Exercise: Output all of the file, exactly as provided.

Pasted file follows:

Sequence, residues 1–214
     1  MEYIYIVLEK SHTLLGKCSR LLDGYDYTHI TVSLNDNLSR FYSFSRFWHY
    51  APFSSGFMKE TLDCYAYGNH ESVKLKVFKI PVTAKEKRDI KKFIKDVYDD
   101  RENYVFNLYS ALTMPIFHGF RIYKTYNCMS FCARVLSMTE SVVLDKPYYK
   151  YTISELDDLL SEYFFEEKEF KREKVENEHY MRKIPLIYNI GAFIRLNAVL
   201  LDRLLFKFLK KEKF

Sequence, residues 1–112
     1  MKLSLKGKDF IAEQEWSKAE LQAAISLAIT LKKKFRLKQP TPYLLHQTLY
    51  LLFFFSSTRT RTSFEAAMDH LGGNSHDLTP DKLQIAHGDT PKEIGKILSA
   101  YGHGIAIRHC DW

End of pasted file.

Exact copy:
Sequence, residues 1–214
     1  MEYIYIVLEK SHTLLGKCSR LLDGYDYTHI TVSLNDNLSR FYSFSRFWHY
    51  APFSSGFMKE TLDCYAYGNH ESVKLKVFKI PVTAKEKRDI KKFIKDVYDD
   101  RENYVFNLYS ALTMPIFHGF RIYKTYNCMS FCARVLSMTE SVVLDKPYYK
   151  YTISELDDLL SEYFFEEKEF KREKVENEHY MRKIPLIYNI GAFIRLNAVL
   201  LDRLLFKFLK KEKF

Sequence, residues 1–112
     1  MKLSLKGKDF IAEQEWSKAE LQAAISLAIT LKKKFRLKQP TPYLLHQTLY
    51  LLFFFSSTRT RTSFEAAMDH LGGNSHDLTP DKLQIAHGDT PKEIGKILSA
   101  YGHGIAIRHC DW